Table 2 Primers for the identification of Meloidogyne species by real-time PCR (qPCR) and loop-mediated isothermal amplification (LAMP), including probes for qPCR. 

Target Code Sequence (5’→3’) Citation

*SYBR Green system. +Quarantine pest for Brazil. RKN: Universal sets for root-knot nematodes. Targets: Ma - M. arenaria; Me - M. enterolobii; Mi - M. incognita; Mh - M. hapla; Mm - M. minor. Citations: 1 - AGUDELO et al. (2011); 2 - TOYOTA et al. (2008); 3 - SAPKOTA et al. (2016); 4 - KIEWNICK et al. (2015); 5 - DE WEERDT et al. (2011); 6 - BERRY et al. (2008); 7 - NIU et al. (2011); 8 - NIU et al. (2012); 9 - PENG et al. (2017).

Restriction fragment length polymorphism (RFLP)

In this method, DNA is amplified by PCR using universal primers and then the products are digested by restriction endonuclease. As nucleotide sequences vary among species, restriction sites differ in their locations along the genome, resulting in fragments of different sizes. Finally, restriction products are separated by gel electrophoresis (SEESSAO et al., 2017). This technique allows the identification of M. hapla, M. incognita and M. arenaria (HAN et al., 2004). First, the PCR reaction is carried out by using primers that amplify the region between COII and LrRNA of mitochondrial DNA. Meloidogyne hapla sample will result in a 500bp band, while a 1.7 kb band is formed for M. incognita and M. arenaria DNA (HAN et al., 2004). To distinguish between the latter two species, the PCR products are cleaved with the restriction endonucleases Hinf I and Alu I, resulting in fragments of different sizes between M. incognita and M. arenaria, allowing their identification (HAN et al., 2004). The possible occurrence of false positives from non-target organisms is a disadvantage associated with PCR-RFLP (ROBERTS et al., 2016).

Loop-mediated isothermal amplification (LAMP)

The loop-mediated DNA amplification technique (LAMP) amplifies DNA with high specificity, sensitivity (up to 10 times more sensitive than PCR), efficiency and speed under isothermal conditions (NOTOMI et al., 2000). This procedure requires the use of four to six primers (FIP, BIP, F3, B3, with the possibility of one or two additional primers to increase the amplification efficiency - LB and LF) and a DNA polymerase (Bst polymerase) with strand displacement activity. The whole procedure takes from 30 minutes to less than 2 hours, depending on the protocol, and isothermal conditions (57 - 65ºC) can be reached by using simple equipment, such as water baths or heating blocks (NOTOMI et al., 2000). Amplification can be detected through visualization with naked eye, due to the formation of a white precipitate of magnesium pyrophosphate or the change of color of the solution by using dyes (SYBR Green, calcein, HNB, picogreen). This technique has been widely studied in many fields of science; although, few LAMP-based diagnostics for RKN have been developed so far (Table 2).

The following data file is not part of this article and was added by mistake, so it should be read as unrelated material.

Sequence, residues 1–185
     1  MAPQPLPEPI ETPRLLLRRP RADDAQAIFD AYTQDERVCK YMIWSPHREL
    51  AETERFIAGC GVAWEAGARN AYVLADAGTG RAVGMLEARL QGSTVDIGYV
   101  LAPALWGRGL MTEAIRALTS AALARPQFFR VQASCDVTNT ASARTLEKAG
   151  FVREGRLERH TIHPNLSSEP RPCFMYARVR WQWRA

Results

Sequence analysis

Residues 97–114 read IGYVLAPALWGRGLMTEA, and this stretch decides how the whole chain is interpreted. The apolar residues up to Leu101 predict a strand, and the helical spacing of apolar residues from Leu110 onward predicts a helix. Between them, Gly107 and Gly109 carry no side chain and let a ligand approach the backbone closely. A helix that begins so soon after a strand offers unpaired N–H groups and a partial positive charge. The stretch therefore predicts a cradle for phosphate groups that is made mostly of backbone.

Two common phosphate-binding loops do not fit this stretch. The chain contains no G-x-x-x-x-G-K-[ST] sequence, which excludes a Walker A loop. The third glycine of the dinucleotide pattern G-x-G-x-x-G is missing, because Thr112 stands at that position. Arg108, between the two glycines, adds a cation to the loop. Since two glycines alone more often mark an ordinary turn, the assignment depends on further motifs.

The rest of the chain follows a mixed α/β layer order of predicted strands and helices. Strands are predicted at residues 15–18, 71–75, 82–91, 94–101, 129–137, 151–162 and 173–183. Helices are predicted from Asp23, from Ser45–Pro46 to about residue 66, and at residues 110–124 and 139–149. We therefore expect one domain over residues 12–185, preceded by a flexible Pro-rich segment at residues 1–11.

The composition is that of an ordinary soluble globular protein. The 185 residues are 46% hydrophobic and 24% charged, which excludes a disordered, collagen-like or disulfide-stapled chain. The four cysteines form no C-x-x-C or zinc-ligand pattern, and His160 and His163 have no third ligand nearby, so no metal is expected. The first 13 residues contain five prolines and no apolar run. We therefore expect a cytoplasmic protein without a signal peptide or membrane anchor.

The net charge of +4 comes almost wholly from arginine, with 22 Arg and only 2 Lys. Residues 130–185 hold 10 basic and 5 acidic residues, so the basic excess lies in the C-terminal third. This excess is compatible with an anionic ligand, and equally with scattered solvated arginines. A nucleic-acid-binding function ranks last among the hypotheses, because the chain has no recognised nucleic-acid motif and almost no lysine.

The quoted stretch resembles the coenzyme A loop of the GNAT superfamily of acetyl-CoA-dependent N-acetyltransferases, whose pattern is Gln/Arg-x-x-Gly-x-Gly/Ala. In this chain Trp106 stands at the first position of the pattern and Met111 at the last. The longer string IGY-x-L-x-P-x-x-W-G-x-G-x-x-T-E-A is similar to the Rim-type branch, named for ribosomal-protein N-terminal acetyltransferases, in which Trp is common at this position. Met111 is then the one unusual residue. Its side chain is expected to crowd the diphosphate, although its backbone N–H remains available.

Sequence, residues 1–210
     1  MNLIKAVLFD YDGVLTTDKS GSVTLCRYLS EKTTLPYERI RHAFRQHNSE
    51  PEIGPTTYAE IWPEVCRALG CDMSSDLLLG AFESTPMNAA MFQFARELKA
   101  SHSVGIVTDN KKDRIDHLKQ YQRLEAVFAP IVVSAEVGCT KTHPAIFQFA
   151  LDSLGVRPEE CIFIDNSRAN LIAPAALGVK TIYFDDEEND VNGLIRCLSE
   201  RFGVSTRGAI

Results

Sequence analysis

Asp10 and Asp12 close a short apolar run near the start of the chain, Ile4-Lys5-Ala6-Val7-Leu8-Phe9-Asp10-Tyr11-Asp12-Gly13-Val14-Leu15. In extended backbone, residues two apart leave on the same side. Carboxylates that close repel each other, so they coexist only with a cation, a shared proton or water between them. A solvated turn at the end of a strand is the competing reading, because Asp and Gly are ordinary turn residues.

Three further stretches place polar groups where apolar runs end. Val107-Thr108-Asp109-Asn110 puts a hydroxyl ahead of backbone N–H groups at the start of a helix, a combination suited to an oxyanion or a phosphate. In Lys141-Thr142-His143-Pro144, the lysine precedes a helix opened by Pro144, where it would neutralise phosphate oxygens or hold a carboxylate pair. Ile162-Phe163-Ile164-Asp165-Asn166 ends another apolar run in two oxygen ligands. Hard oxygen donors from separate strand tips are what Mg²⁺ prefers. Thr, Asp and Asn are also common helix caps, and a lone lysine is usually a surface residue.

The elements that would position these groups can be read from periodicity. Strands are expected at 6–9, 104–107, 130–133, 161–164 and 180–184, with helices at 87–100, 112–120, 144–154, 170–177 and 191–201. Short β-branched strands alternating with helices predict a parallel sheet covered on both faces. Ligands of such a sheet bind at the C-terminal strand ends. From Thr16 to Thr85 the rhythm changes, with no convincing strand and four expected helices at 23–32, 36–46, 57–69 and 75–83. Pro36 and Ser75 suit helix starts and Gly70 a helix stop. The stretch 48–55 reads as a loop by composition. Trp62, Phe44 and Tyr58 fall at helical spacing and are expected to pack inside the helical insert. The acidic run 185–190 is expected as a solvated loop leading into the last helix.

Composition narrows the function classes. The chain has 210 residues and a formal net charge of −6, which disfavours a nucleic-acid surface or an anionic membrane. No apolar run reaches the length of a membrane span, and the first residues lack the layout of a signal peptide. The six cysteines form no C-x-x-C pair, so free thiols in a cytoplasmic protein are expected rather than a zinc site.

The availability of complete or partial genome sequences of nematodes is crucial to the development of molecular diagnostic protocols. Partial genome sequences from several Meloidogyne species have been published in open access databases, such as GenBank (<>). Complete genomes of M. incognita (ABAD et al., 2008) and M. hapla (OPPERMAN et al., 2008) are also available to scientists. The advent of next generation sequencing (NGS) technologies has reduced cost-per-base and time to decode partial or entire genomes. The number of genomic data tends to grow rapidly, as the new sequencers (2nd, 3rd and 4th generations) are faster than Sanger sequencing.

DNA microarrays

In this technique, a probe (cDNA or oligonucleotide) is hybridized with a fluorophore-labeled target molecule, usually a cDNA, produced from the conversion of total RNA or mRNA extracted from the sample. Several targets can be detected simultaneously, without any problems related to the competition of distinct targets for amplification, reduced specificity, occurrence of false-positives and difficulty of separation of the products in the gel, as can occur with multiplex PCR (FRANÇOIS et al., 2006). Despite the limited number of studies on the use of DNA microarrays in plant nematology, this technique has proven to be useful for the identification of M. chitwoodi (FRANÇOIS et al., 2006) and M. hapla (VAN DOORN et al., 2007).


The classical taxonomy, based on morphological and morphometric studies, and biochemical methods have been widely used in the identification of RKN species. Due to the limited number of taxonomic features and the declining interest in classical taxonomy, there is an increasing effort towards the development of molecular-based diagnostics. In general, molecular approaches are accurate, rapid and do not require only females for diagnosis purposes, such as isozyme phenotypes and perineal patterns. It is hoped that molecular techniques will soon be used more regularly in laboratories worldwide. However, scientists should use the integrative taxonomy approach for accurate diagnosis of RKN species. Molecular, biochemical and morphological data should be combined to enhance the resolution and reliability of studies on phylogenetics and etiology. For practical purposes, the information gathered in this review are expected to be useful for scientists, practitioners, students and other professionals interested in diagnosing RKN. As a consequence of an accurate identification, control strategies can be recommended and the losses caused by RKN can be decreased.


E. A. Lopes thanks Conselho Nacional de Desenvolvimento Científico e Tecnológico (CNPq)for the productivity grant (304663/2014-0).


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Received: July 03, 2017; Accepted: November 16, 2017; Revised: December 29, 2017

E-mail: *Corresponding author